April 5, 2012
Posted: 1303 GMT
Augusta National, where the Masters Tournament is being played for the 76th time, is without doubt the place to be in world golf right now. It is a venue that strikes a chord with even the most casual of sports follower because of its unique qualities.
It’s the only one of professional golf’s four “majors” to be played at the same venue each year. It awards a green jacket to its winner and guarantees an annual invitation to that special player to play in the tournament for the rest of their competitive career.
It celebrates the values of its founder Bobby Jones through its tight rein on old-school adherence to etiquette and tradition. In other words, you behave yourself! It is no surprise that Augusta's club president refused to comment publicly this week on the debate over female membership - it is not their style.
There is no other place quite like Augusta and, as a result, demand for tickets is at a premium. Grown men, captains of industry and regular golf fans are all like children anticipating Christmas. This is the Disneyland of golf and, quite simply, the only show in town.
This year spring has come early to this part of the American South, and as a consequence the azaleas were in full bloom ahead of time, so the traditional color associated with the broadcast on television of places like "Amen Corner" (holes 11, 12 & 13) will not be as spectacular, but the golf surely will.
It is arguably the most eagerly-anticipated Masters of recent times because of a number of factors.
Tiger Woods is back to full health, it would appear, and after a victory in Florida last month (Arnold Palmer’s Bay Hill Invitational was Tiger’s 72nd PGA Tour win) he has rarely looked as relaxed and confident since his previous one in 2009. Rory McIlroy is being dubbed the heir apparent to Woods, and at 14 years his junior the 22-year-old from Northern Ireland has the world at his feet.
McIlroy’s implosion on the final day last year was, on reflection, the making of the man. Taking a four-shot lead in the last round, he unraveled as the sports world looked on helplessly. Within 10 weeks, however, he regrouped, looked deep inside himself and found the solution that only he could find, and emerged triumphantly as the winner of the U.S. Open at Congressional. What a turnaround.
He carries a huge weight of expectation on his return to Augusta National, but has clearly matured into a confident, proven winner who was recently elevated to world No. 1 status after his most recent victory on the PGA Tour just three weeks ago.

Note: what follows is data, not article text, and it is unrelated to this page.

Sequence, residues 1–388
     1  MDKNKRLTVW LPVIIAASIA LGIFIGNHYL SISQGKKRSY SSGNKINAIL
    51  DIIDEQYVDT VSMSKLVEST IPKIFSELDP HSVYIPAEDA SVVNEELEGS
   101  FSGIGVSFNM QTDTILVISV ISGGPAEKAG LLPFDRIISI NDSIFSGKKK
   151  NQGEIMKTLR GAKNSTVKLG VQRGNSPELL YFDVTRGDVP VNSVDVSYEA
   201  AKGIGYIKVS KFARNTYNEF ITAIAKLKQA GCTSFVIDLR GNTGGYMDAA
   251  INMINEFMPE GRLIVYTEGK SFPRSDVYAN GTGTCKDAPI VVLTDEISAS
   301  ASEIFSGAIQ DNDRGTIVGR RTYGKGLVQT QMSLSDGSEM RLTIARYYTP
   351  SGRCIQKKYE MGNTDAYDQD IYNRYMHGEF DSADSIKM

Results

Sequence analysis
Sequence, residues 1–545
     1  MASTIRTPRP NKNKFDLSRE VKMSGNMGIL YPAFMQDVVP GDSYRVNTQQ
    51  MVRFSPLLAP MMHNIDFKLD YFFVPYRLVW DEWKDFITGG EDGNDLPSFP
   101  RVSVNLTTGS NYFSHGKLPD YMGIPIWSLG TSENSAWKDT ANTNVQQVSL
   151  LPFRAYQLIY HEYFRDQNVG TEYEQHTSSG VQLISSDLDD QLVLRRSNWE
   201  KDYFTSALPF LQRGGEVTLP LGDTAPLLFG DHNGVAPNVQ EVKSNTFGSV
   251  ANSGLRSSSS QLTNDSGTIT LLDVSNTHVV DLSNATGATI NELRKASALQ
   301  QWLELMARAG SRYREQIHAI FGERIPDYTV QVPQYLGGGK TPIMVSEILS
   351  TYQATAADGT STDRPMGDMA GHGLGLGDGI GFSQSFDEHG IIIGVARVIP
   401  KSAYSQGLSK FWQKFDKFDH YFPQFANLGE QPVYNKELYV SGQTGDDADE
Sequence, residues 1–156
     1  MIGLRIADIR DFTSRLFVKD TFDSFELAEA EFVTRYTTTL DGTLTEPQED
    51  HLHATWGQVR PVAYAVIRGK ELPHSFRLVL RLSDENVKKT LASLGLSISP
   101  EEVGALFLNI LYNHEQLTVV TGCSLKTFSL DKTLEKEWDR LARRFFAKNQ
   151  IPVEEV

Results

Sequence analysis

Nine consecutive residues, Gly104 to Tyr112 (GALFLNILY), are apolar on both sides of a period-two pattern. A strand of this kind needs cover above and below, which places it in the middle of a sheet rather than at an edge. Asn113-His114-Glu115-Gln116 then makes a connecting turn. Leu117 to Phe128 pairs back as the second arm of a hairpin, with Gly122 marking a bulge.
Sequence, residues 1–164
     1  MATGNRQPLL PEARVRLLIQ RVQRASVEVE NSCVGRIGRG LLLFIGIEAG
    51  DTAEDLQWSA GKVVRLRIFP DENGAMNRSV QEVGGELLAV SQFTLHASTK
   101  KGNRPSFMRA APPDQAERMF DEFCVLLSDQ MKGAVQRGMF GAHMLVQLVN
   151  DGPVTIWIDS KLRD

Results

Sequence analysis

He has since lost that crown to England’s Luke Donald, who many believe to be a real threat at this year’s tournament. Donald is in the best form of his life, and having achieved everything in his sport except a victory in one of golf’s four majors, he really does look ready to take the next step into an elite club.
What is fascinating about this year’s Masters is the number of form horses who are peaking at the right time. This tournament has been their focus all year so far, and now comes the moment when they hope all that practice can be celebrated.
American idol Phil Mickelson is looking for his fourth green jacket and can never be discounted. England’s world No. 3 Lee Westwood is in the best shape of his life, itching to get his first major. He has come close here in recent years, so perhaps his time has come.
No Australian has ever won the Masters, but in Adam Scott and Jason Day - who both tied for second last year – there is a distinct chance that a first title could be heading Down Under should they perform to the same level this week.
Finally, there is South Africa's low-key defending champion Charl Schwartzel, who birdied the last four holes to win by two shots last year. His is a special talent and more importantly, his is a special desire - a lethal combination around these verdant pastures of Augusta National.
Can history repeat itself? The world will be watching.